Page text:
One Year Later
The week started out with a few empty chairs in class. My attendance is usually 100%, so even a couple of absences is noticeable. Especially when it happens every period. By Friday there were 7 or 8 students out in every class. The DOE wasn’t acting as fast as parents were, but the shutdown was inevitable.
I knew things had gotten real when the NBA suspended its season in of the middle of the game I was watching. I remember telling students closure was imminent. We probably won’t be back before Spring Break, I told them, maybe not even by end of the year. I said we might be dealing with this for the next two years, somewhat prophetically.
Teachers had started to stay home, too, which made it easier for me to book a computer lab for the Thursday and Friday of that week. I brought my geometry students in for a crash course in Geogebra. I had a feeling it would come in handy.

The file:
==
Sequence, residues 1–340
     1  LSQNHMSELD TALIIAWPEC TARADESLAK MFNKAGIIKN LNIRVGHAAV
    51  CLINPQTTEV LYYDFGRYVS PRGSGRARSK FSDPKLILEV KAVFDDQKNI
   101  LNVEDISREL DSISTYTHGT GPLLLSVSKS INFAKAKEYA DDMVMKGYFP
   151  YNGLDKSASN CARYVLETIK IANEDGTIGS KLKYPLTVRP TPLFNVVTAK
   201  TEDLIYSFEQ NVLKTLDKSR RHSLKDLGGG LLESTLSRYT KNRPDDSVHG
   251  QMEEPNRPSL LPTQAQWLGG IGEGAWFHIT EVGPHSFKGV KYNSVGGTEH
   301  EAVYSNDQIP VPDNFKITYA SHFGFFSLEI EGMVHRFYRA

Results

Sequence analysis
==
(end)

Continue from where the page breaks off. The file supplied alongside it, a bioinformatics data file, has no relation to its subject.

They closed the schools the next week. For students. Staff still had to report, though more were calling out. In an email the Chancellor of NYC Schools spelled it out for us: “By Monday, March 23, we expect all students and teachers to begin engaging in remote learning in all grades.” I had one week to figure out how to turn myself into a remote teacher.
One year later, I’m still figuring it out. This is the 40th entry about my transition from experienced classroom teacher to novice remote teacher. I’m glad this series is nearing its end, but I’m also glad I kept a record of where we started and how far we’ve come.